RAMALLAH, “When I go home and will be with my family, I will be 17. I will then complete my studies and specialize in law so that I will become a lawyer and bring home my two other brothers who are still in detention.”
These were the words of Shatha Yahya Barghouti in her last meeting with her parents nine months ago, during which she expressed her longing and happiness to be back with them after she was taken away from her parents six years ago.
Shatha, who migrated with her family 11 years ago to Norway in search of a better life, was reported dead less than a week ago by the Norwegian authorities at a childcare center.
Her mother, Fadia, was at the time spending Eid al-Adha holiday at her family home in the village of Kufr Ein, northwest of Ramallah in the West Bank, where she arrived on August 1.
She was surprised when her husband, Yahya, had followed her after he had preferred to stay in Norway so that he could stay close to his three children – Shatha, Ahmad, and Mohammad – who were at the childcare center. He came to tell her that Shatha had died in what are so far unclear circumstances.
Yahya is from Beit Rima village, northwest of Ramallah. In April 2002 and while the village was under curfew, the Israeli army forced every young man to go to the village’s school. There, the young men were interrogated, and Yahya was among them. But since he did not have an identity card proving residency, he was arrested and held for one month before he was expelled to Jordan.
His wife, Fadia, followed him to Jordan and stayed there for about a year. At that point, they decided to seek a better job and a better life, so they decided to migrate to Norway, where they arrived as refugees and obtained citizenship years later.
Their children went to school where they made new friends from various nationalities as their parents began to realize part of the dream they came for. Everything was going as planned.
But one day six years ago, the police came to the school and took the three children from their classrooms. The parents rushed to the police station to inquire about it. They were told they were not qualified to look after their children, and so the children were turned over to other families to look after them.
But why did that happen? Their grandfather, Riziq Barghouti, said: “The police took them from school after a report that the children were not treated well by their parents. But this is not true. The children were living in very normal conditions, just like any other family. Their parents even sacrificed everything to give them a decent life, which is why they went to Norway.”
The parents were allowed to visit their children once every 6 months, and the visits took place in complex circumstances. They were guarded by the police and held in a secret place. The family was also prohibited from talking to their children in Arabic, their native language.
These procedures put the children in difficult psychological conditions to a point one of them even tried to jump from the second floor during the visit of his parents after he told them that he was kept with an unusual family and that he wants to return to be with his parents. After this incident, the police prevented him from meeting with his parents.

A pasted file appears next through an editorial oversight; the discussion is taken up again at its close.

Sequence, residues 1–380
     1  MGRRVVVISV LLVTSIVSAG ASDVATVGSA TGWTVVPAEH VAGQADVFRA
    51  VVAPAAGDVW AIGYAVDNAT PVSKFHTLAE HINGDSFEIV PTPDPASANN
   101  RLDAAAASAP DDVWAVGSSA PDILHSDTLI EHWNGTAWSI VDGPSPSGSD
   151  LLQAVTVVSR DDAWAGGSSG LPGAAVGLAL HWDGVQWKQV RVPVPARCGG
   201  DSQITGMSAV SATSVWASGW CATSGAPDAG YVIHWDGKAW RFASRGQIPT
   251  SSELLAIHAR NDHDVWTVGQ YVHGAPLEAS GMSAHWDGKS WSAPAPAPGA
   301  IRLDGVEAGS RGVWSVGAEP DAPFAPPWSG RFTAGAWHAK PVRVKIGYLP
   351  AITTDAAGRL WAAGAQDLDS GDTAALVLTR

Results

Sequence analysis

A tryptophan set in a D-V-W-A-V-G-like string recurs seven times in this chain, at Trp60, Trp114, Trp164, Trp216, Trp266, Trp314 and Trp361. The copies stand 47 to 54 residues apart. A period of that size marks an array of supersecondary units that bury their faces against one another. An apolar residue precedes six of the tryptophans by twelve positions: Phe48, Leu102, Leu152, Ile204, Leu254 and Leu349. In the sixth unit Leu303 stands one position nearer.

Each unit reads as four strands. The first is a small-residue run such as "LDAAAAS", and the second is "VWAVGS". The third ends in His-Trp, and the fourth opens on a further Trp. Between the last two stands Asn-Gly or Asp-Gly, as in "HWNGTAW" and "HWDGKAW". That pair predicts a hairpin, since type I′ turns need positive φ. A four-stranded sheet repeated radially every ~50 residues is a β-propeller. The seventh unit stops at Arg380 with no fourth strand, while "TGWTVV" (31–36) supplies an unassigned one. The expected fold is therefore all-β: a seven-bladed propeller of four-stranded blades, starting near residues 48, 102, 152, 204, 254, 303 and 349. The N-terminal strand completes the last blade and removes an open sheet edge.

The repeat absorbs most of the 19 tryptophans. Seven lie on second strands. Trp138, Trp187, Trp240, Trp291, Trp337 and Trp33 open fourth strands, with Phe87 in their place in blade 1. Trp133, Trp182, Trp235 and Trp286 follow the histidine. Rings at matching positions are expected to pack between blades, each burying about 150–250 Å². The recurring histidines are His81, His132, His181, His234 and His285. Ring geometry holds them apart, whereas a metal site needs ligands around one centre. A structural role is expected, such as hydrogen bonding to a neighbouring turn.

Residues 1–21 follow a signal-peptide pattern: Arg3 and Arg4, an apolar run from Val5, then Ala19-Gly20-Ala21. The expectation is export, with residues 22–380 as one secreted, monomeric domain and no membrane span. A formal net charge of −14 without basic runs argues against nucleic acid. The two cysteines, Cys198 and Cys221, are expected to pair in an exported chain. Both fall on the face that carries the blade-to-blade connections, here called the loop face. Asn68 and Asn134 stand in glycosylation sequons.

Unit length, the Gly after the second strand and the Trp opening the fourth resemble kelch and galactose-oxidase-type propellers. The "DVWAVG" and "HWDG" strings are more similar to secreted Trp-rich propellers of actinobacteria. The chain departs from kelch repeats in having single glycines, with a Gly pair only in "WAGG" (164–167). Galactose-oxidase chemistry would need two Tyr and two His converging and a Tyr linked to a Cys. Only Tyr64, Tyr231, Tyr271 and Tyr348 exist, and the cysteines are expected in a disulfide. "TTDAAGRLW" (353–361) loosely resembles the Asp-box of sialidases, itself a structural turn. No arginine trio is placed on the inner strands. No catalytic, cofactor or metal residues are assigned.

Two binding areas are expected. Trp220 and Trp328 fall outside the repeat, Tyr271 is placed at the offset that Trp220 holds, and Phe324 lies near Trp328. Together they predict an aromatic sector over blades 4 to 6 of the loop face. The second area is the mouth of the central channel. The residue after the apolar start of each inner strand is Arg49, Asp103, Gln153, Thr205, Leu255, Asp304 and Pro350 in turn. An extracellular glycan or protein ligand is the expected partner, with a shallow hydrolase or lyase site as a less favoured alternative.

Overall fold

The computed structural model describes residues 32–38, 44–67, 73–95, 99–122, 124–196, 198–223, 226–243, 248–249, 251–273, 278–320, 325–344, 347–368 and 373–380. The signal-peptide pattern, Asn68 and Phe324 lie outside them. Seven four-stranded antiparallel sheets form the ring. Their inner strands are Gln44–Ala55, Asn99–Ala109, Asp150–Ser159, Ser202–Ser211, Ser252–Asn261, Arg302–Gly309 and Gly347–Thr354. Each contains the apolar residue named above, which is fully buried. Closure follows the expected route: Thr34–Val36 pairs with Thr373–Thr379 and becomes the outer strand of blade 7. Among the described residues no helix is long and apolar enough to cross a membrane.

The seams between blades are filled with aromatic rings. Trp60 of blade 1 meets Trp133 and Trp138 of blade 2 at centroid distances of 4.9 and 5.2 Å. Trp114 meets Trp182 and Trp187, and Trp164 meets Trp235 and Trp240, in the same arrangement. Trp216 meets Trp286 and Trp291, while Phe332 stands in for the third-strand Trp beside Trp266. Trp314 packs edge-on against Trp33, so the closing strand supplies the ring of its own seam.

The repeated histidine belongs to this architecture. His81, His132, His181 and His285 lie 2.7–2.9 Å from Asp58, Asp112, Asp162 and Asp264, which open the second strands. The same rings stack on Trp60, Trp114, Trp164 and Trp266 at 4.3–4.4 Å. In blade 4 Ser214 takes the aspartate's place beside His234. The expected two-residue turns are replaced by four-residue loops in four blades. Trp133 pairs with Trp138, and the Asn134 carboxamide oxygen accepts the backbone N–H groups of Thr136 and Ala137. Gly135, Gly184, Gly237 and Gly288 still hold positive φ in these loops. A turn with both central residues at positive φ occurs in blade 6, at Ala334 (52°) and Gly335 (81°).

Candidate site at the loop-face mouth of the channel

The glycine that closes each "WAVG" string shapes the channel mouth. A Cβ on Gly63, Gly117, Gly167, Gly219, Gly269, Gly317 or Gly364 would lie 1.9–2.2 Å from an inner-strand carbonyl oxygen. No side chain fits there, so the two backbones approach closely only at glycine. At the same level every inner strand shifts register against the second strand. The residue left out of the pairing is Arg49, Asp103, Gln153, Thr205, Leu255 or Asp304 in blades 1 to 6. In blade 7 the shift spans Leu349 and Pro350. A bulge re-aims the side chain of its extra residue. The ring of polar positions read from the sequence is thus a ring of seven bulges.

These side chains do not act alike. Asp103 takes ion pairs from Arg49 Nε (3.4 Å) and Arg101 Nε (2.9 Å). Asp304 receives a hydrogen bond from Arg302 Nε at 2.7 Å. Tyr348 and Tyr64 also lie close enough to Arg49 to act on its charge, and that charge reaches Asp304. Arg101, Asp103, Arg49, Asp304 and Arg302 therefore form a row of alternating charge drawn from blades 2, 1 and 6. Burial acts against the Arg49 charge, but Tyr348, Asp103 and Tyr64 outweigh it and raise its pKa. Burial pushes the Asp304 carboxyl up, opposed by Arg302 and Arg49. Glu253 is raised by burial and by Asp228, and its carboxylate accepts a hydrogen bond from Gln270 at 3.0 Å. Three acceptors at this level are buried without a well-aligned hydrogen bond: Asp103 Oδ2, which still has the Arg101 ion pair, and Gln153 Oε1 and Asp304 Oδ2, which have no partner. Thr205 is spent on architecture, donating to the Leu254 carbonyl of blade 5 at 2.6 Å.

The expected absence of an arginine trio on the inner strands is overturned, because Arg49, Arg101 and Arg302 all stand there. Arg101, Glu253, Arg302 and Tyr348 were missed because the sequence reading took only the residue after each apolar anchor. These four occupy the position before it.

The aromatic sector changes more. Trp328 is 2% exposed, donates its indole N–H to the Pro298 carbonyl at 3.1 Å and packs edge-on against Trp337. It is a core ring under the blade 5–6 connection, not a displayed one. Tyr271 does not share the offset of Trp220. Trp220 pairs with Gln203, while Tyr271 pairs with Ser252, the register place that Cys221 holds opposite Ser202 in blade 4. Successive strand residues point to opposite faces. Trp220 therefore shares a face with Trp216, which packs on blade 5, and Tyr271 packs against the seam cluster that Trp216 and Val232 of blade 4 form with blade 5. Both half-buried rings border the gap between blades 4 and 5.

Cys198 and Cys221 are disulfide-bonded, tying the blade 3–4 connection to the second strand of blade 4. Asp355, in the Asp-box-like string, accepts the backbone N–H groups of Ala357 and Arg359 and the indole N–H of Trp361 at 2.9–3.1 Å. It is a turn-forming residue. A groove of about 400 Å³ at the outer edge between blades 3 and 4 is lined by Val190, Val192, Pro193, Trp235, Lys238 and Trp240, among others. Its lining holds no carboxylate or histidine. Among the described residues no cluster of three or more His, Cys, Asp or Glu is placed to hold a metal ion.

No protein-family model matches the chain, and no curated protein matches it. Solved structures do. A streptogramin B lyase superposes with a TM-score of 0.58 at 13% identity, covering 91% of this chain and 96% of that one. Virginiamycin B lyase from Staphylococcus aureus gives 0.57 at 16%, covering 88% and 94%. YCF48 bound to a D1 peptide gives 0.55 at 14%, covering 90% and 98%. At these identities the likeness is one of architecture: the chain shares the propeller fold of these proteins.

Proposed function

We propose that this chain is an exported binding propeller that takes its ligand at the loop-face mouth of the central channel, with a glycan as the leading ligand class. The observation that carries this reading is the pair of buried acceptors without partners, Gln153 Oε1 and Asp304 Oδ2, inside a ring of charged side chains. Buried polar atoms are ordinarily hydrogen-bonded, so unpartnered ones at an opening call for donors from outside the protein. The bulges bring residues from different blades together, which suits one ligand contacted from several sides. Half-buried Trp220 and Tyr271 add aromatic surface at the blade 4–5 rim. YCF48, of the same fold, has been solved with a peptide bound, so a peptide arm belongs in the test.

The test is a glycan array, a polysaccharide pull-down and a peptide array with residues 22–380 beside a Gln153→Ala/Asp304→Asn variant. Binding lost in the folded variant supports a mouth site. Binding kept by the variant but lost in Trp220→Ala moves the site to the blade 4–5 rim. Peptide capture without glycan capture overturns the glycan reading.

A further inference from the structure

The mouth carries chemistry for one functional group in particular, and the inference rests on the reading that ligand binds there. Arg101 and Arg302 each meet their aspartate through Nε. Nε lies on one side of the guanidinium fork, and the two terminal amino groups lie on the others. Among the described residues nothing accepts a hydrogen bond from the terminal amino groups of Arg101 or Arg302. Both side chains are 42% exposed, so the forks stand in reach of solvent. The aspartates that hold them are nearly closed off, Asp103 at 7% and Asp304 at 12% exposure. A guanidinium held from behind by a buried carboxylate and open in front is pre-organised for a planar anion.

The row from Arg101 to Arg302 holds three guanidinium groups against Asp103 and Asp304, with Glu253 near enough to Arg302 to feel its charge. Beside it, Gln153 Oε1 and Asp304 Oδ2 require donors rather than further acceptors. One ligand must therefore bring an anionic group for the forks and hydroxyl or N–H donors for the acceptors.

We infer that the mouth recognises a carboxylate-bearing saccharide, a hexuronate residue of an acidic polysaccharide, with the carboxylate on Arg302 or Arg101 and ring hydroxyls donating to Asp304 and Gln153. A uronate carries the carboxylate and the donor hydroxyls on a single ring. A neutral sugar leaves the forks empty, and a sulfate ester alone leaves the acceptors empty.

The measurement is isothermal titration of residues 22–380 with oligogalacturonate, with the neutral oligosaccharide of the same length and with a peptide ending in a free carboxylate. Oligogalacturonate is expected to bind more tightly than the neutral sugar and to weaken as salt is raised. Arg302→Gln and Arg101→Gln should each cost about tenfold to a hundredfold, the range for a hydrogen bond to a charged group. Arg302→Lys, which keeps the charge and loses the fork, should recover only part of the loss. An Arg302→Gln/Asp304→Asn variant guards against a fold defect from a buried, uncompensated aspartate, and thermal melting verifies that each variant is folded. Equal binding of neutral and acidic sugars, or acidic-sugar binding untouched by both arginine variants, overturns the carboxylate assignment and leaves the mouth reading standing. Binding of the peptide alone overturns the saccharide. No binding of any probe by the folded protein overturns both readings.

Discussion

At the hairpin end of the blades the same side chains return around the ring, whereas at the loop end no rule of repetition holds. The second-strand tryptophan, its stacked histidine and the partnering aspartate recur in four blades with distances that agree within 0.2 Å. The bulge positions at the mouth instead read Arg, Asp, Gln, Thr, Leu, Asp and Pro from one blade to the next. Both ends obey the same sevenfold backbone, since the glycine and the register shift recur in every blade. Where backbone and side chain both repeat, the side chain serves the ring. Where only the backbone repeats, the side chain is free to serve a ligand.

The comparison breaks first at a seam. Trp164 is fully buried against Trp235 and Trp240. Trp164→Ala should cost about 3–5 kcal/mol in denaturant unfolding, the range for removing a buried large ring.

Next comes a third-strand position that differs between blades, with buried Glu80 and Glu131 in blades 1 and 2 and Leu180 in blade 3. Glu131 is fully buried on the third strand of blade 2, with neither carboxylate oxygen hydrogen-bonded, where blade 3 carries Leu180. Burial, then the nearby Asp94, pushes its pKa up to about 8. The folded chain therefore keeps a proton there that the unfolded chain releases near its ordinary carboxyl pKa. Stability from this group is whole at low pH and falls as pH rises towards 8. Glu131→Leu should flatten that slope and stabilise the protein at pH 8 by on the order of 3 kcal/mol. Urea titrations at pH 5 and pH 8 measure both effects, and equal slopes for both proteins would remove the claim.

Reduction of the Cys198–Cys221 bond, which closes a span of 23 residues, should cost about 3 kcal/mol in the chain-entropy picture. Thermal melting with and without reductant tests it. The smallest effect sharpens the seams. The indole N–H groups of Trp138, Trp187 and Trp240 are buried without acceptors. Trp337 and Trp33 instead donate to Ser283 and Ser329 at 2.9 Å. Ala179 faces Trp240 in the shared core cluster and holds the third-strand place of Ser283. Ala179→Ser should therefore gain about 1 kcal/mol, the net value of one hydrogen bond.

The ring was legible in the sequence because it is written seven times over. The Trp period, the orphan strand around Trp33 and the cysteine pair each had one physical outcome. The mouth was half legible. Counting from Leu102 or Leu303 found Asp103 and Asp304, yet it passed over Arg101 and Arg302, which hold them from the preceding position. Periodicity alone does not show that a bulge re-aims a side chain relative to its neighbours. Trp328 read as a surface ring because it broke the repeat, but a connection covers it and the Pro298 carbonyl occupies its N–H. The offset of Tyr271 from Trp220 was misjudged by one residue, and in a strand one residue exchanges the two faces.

After six years of suffering, Yahya and Fadia had a glimmer of hope nine months ago during their last visit to their children. Shatha, who was about to turn 17, was very happy to be close to going home since a child who reaches that age can go to court to tell it where he or she wants to live. On that day, Shatha told her parents about her dream of becoming a lawyer to work on returning her two brothers home.
Everything, however, collapsed after police informed the father that Shatha has died in the center in unclear circumstances. But her grandfather Riziq believes she was killed for an unknown reason.
“Did anyone attack her and kill her?” he wondered. “How could she have been killed in a center that is supposed to protect her and care for her?”
He added: “We will do everything to get Mohammad and Ahmad back, and when that happens the family will return to the homeland after all the suffering and tragedies it went through over there.”
Palestine’s ambassador to Norway, Marie-Antoinette Seidin, told WAFA that the Norwegian police had assured her that what happened with Shatha was a murder, but it was not known how it happened. A final report on the details of the incident is expected after the cameras at the center are reviewed, while the forensic medicine report will not be issued for another six months or less.
“The Palestinian embassy cannot intervene in the case of these children from a legal point of view because they are Norwegian citizens. The parents have to file a lawsuit with the court in order to reclaim their two other children, but that requires a skilled lawyer to do that,” she said.
The association that took the children is the Norwegian Child Welfare Services, Barnevernet, a government department that has jurisdiction to deal with issues related to children.
According to the Geneva-based human rights organization, the Euro-Mediterranean Human Rights Monitor ( Euro-Med), Barnevernet has been widely criticized on both national and international levels for many reasons, one of which has been over how the agency takes over custody too easily, where it has a too low threshold for taking action and confiscating children from their parents. The agency has been also ill-reputed for the suffering and abuse some children experience while living in its orphanages, said Euro-Med.
Source: Palestinian News and Info Agency